Organic Corner’s transition to a full-service vegan restaurant – with table service, live music, and organic wine – is complete: a giant Buddha statue greets arriving diners in a space that still has a counter in the back, but also an elegant farmhouse atmosphere with wooded walls, exposed beams and large windows that flood the room with light.

A few months ago, 23-year-old chef Viktoria Hermann started frequenting Organic Corner as a customer. Hermann, who became a plant eater while studying cooking at Johnson & Wales University in Providence, was hired by Margulies as a barista – and, ultimately, as a chef. “When we decided to do it all,” with a vegan menu, said Margulies, “she jumped in and took control.”

During the day, Organic Corner still serves fresh juices and smoothies, and its cases are stocked with healthy salads, but at 3 p.m. Thursday through Saturday, the fruit press closes in anticipation of languid plant-based dinners. Hermann and the kitchen team made platters of zucchini noodle lasagna with cashew ricotta and gluten free breadcrumbs, or a creamy kale Caesar salad, or melted mac and cheese with cream of cashew and coconut. A “Dirty Corner” menu replicates comfort food such as poutine and nachos with homemade cheese sauces, but not a hint of Beyond Meat or Impossible Burger. “We didn’t want to go in that direction,” said Hermann, whose homemade burger is made from beets and topped with guacamole and a spicy cheese sauce.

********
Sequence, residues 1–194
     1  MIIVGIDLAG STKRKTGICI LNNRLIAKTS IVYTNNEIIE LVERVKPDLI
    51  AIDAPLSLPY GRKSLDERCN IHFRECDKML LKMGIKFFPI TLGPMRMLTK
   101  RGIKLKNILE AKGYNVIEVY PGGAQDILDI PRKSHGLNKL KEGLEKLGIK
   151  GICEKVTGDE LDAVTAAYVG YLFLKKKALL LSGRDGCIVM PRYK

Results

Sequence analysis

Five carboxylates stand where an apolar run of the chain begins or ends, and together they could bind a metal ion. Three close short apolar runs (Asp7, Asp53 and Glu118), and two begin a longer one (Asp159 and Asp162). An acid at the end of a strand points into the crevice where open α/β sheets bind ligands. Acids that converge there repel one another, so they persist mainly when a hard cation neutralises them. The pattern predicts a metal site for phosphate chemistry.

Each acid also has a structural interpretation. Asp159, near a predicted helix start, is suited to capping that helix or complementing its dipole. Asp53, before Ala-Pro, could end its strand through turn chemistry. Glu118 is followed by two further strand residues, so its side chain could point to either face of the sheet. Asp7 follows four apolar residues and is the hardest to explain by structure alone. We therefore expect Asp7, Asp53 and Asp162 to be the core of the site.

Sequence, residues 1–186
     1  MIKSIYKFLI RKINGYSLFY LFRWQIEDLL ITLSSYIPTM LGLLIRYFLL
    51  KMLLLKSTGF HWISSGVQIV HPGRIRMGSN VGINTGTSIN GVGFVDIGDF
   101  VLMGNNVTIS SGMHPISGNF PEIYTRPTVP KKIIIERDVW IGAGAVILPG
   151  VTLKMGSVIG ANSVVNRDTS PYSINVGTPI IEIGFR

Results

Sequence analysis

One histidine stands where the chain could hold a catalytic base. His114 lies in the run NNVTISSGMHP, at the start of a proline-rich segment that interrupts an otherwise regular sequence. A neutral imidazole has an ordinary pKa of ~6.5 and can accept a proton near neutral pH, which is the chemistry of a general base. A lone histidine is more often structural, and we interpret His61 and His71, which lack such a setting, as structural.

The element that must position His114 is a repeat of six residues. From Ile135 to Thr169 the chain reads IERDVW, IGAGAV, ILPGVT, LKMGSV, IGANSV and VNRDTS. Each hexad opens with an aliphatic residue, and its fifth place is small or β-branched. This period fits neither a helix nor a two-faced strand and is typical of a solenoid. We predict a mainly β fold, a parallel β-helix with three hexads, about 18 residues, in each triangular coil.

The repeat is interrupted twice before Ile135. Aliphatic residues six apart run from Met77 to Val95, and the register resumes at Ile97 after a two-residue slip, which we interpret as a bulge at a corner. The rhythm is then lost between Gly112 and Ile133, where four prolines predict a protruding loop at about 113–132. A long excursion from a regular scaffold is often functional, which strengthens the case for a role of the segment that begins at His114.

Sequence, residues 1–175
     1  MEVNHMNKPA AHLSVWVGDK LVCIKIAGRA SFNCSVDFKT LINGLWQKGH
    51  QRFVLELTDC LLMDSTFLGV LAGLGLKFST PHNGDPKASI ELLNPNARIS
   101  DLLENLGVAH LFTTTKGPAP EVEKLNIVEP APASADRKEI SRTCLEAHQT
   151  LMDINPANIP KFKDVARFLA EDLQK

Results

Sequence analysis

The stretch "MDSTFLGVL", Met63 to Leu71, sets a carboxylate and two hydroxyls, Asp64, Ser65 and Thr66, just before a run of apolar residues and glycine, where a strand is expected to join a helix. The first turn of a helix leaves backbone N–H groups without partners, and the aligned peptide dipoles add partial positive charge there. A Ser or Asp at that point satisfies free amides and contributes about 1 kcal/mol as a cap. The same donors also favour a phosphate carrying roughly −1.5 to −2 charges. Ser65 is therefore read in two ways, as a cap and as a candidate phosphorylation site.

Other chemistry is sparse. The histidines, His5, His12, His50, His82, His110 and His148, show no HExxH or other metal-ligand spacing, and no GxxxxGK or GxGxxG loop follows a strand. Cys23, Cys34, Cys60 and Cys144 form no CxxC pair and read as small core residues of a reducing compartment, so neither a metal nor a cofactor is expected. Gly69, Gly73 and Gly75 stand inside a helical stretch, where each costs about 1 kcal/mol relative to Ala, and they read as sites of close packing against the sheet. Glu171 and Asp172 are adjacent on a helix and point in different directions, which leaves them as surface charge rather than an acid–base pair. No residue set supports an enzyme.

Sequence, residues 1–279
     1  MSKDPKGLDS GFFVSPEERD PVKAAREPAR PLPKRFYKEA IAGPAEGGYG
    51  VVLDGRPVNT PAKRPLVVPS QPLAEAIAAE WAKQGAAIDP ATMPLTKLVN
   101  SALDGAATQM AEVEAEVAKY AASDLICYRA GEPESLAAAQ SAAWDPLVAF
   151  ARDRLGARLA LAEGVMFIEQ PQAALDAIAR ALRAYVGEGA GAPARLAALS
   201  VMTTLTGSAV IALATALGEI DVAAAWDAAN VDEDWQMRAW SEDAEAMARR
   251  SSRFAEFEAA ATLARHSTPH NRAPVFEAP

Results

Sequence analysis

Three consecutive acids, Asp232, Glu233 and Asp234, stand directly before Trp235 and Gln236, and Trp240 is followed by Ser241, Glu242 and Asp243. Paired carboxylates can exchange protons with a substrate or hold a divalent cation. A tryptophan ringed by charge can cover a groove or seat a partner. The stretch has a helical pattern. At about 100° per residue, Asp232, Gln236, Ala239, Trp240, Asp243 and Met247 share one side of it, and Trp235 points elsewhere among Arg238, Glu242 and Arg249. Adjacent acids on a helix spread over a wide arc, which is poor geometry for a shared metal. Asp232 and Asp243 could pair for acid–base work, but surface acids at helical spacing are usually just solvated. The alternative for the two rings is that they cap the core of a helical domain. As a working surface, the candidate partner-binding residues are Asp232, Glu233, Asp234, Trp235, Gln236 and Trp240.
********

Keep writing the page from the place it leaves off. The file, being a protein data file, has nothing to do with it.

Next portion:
There is beer, draft kombucha and organic wine, as well as gluten-free desserts from the kitchen of Organic Corner and Sweet Soul Bakery in St. James.

Margulies, who is not a vegan, said he noticed diners were traveling far from the far east and west. “A lot of people have negative connotations about veganism,” he said. “I wanted a place that could be called herbal, but also open to ordinary people, so they sit down and their eyes light up.”

Here are five places to enjoy finely tuned plant-based dishes on Long Island, from delis to multi-course meals.

Toma-Tis (796 Meacham Ave., Elmont): Chef-owner Yvonne Levy has spent much of her adult life devising plant-based alternatives to traditional Jamaican dishes and cooking an almost entirely vegan menu at her Jamaican take-out restaurant in Elmont. Oysters, cremini, button mushrooms and portabella mushrooms replace chicken in its version of the jerk “chicken” and are also used to trick the oxtail. She fuses tiger nut root and flaxseed for a curried “goat” cheese, uses a creamy coconut sauce for rasta pasta, and even makes puff pastry Jamaican patties from scratch. Pumpkin Jerk soup, barbecue jackfruit salad, and yucca fries are among other platters, while fresh juices and dairy-free smoothies are available to complement the robust flavors. Food is cooked to order, so plan ahead. Appetizers range from $ 8 to $ 12, entrees $ 20, wraps $ 12, and patties $ 3. More info: 516-599-0891. tomatisvegan.com